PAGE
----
Can focaccia be frozen?
Purchased or baked your first focaccia and aren’t sure how to store it for the long term? Can focaccia be frozen?
the short answer
You can freeze the focaccia whole or sliced. Before placing it in the freezer, make sure it is well wrapped to prevent freezer burn. A freezer bag is good enough for short-term freezing, but if you expect it to stay in the freezer for more than a couple of weeks, consider wrapping it in plastic wrap first.
Want to learn more? Here’s what we cover next:
- how freezing affects focaccia bread (does it freeze well?)
- freeze focaccia step by step
- defrost focaccia
- freeze the focaccia dough
Can focaccia bread be frozen?
You can freeze the focaccia bread and it freezes well. Just like regular bread, all you need to do is wrap it tightly with plastic wrap, a freezer bag, or both (if you’re freezing your focaccia long-term).
Like many other baked goods, including bagels or bread, focaccia freezes perfectly without additional preparation. You wrap it up, put it in the freezer and that’s it.
While focaccia will keep for a couple of days, freeze your focaccia the same day it is baked for best results.
Related: How to store focaccia?
How to freeze focaccia?
This is how you freeze focaccia bread:
- Let the focaccia cool to room temperature.
- Cut it if necessary. You can freeze it all or cut it into smaller meal-sized portions, it’s up to you.
- Wrap it. If you’re only going to freeze the focaccia for a couple of days, maybe 1-2 weeks, placing it in a freezer bag as-is is good enough. But if you suspect it might stay frozen longer, double wrap it. Use something that will stick firmly to the bread for the first layer, like plastic wrap or freezer wrap. For the second layer, a freezer bag works perfectly fine (remember to squeeze out any air).
- Freeze it. Place all bags in the freezer.
As you can see, the whole process is super simple and takes just a couple of minutes.
Now, if you’re wondering how long you can freeze focaccia bread, there’s no definitive answer. At least a couple of recipe sites mention that you can freeze it for 2 months but I see no reason why it shouldn’t last 3 months or even longer.
That being said, the longer the focaccia sits in the freezer, the worse its quality will be. Especially if you haven’t wrapped it well.
So you should try to use it within 2-3 months after freezing.
How to defrost focaccia?
When you’re ready to enjoy your frozen focaccia, you have a couple of defrosting methods to choose from:
- In the fridge. Place the frozen focaccia bread in the refrigerator the night before you need it. Consider placing a paper towel underneath to absorb moisture. This way, you won’t end up with a soggy bottom.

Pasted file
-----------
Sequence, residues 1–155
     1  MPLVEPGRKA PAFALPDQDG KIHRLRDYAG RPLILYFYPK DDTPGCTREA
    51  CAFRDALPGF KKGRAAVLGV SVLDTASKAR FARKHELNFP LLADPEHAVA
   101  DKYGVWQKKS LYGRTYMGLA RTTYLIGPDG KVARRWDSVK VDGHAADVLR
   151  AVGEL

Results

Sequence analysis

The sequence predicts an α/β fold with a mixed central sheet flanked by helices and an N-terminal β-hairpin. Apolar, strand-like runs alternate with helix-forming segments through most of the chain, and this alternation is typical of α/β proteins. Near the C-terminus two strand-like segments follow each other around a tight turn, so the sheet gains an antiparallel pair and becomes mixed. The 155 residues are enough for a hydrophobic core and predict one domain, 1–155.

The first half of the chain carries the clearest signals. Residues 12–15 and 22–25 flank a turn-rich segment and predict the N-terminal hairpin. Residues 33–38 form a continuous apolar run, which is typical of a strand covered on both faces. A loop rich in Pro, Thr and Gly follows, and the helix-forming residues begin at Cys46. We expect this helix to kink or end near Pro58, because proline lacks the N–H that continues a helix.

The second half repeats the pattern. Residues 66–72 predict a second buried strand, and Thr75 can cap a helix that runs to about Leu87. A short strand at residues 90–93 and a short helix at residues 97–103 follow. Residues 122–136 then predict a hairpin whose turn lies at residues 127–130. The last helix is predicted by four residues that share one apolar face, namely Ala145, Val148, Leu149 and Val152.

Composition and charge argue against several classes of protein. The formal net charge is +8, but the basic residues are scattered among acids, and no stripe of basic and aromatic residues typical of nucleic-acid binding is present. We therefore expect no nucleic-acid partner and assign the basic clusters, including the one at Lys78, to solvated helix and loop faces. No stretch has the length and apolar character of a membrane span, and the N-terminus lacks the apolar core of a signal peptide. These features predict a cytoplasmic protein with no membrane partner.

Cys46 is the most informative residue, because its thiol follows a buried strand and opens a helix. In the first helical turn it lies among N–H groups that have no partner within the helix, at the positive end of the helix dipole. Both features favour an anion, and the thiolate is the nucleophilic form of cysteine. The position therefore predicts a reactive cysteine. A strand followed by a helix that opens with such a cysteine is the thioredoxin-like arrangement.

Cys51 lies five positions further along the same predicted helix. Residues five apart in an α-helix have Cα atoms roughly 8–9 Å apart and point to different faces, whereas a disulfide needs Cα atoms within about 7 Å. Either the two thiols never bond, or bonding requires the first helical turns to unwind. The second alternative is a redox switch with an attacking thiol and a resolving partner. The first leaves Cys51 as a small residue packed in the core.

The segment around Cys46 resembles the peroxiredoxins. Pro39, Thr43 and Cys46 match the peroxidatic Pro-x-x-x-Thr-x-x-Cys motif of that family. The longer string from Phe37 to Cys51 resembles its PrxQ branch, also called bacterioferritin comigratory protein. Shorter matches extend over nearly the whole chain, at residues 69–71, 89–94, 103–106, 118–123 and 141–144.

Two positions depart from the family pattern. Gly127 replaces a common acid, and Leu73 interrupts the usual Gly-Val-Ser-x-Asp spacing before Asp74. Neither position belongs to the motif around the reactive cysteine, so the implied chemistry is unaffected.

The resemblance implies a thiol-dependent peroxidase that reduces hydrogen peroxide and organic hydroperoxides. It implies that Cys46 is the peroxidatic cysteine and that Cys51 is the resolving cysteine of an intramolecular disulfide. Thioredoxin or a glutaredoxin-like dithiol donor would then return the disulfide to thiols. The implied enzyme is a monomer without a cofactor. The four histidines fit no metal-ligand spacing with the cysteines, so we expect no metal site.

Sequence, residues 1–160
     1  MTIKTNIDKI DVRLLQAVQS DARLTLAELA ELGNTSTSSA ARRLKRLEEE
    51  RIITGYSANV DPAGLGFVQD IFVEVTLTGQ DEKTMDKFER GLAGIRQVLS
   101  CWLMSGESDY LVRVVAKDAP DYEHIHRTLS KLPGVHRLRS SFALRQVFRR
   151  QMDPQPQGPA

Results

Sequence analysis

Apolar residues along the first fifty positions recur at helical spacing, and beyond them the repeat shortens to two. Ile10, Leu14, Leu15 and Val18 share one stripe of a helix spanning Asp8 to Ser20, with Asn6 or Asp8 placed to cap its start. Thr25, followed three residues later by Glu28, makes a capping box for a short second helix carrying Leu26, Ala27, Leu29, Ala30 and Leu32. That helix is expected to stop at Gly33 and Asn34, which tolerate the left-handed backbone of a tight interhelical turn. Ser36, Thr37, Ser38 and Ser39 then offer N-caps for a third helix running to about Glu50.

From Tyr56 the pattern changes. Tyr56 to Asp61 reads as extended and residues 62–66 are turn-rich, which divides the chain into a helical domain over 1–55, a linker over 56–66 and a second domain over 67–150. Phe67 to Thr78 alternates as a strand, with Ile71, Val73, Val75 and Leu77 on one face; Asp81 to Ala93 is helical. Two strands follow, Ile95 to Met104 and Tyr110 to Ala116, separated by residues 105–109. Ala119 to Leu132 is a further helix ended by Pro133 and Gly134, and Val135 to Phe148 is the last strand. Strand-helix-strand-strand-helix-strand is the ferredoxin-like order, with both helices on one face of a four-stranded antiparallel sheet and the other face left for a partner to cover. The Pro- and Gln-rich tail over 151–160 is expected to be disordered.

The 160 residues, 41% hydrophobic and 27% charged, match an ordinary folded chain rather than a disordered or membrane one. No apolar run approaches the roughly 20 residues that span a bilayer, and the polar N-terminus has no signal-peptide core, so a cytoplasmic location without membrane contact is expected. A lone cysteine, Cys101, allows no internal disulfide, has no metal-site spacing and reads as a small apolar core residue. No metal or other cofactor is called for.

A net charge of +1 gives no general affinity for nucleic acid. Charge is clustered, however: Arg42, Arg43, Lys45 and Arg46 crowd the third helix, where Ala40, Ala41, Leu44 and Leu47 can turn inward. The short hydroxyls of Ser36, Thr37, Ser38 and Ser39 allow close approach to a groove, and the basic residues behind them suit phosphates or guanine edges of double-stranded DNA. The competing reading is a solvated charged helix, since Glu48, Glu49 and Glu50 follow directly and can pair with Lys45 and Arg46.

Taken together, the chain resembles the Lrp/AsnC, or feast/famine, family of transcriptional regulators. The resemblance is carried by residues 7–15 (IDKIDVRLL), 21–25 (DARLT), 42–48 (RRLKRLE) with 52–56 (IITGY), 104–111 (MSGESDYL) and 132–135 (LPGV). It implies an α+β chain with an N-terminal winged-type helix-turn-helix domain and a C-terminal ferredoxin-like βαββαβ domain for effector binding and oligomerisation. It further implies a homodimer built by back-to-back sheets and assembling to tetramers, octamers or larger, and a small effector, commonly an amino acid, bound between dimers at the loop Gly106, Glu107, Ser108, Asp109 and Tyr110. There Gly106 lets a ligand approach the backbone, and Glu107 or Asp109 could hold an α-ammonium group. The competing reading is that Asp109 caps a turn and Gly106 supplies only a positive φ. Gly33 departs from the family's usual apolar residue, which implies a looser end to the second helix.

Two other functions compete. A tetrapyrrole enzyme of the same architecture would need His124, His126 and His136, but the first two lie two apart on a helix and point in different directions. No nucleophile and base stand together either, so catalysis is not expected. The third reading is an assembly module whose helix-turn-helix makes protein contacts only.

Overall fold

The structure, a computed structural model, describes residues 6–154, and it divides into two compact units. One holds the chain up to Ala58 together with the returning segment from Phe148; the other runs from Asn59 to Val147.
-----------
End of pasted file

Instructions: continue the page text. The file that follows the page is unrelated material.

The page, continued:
- On the counter. Leave the bread on the counter for 1 to 2 hours until thawed. Again, placing a paper towel underneath can help a bit. Or you can turn the bread over after 30 to 60 minutes of defrosting so that any moisture still inside is distributed more evenly. I suggest the same trick when defrosting hamburger buns.
- In the microwave. Set the microwave to defrost or 50% power and blitz the frozen focaccia for one minute. Continue to microwave in 15 second intervals until thawed.
Once your focaccia is thawed, it’s ready to eat, but you should probably consider reheating the bread to get the most out of it. I cover reheating focaccia in my article on storing it.
Now, if you prefer fresh focaccia over a thawed and reheated one, freezing the dough might be the way to go. Here’s what you need to know about it.
Can focaccia dough be frozen?
Focaccia dough freezes well, similar to pizza dough. That means you can make the dough for a couple of batches, bake just one, and freeze the rest of the dough for later use.
This is how the focaccia dough is frozen:
- Mix the ingredients and let the dough rise for the first time.
- Pound the raised dough down to release all the air inside.
- Divide the dough into portions.
- Coat each part with a little olive oil and place in a separate freezer bag or wrap in freezer paper.
- Freeze the focaccia dough for up to 3 months.
When you’re ready to use the dough, thaw it overnight in the refrigerator (still covered) and let it rest in an oil-brushed pan at room temperature for at least 30 minutes before continuing with your recipe.
If the dough doesn’t start to rise within the mentioned half hour, it simply needs more time on the counter. Therefore, take it out of the fridge early so you are not in a hurry.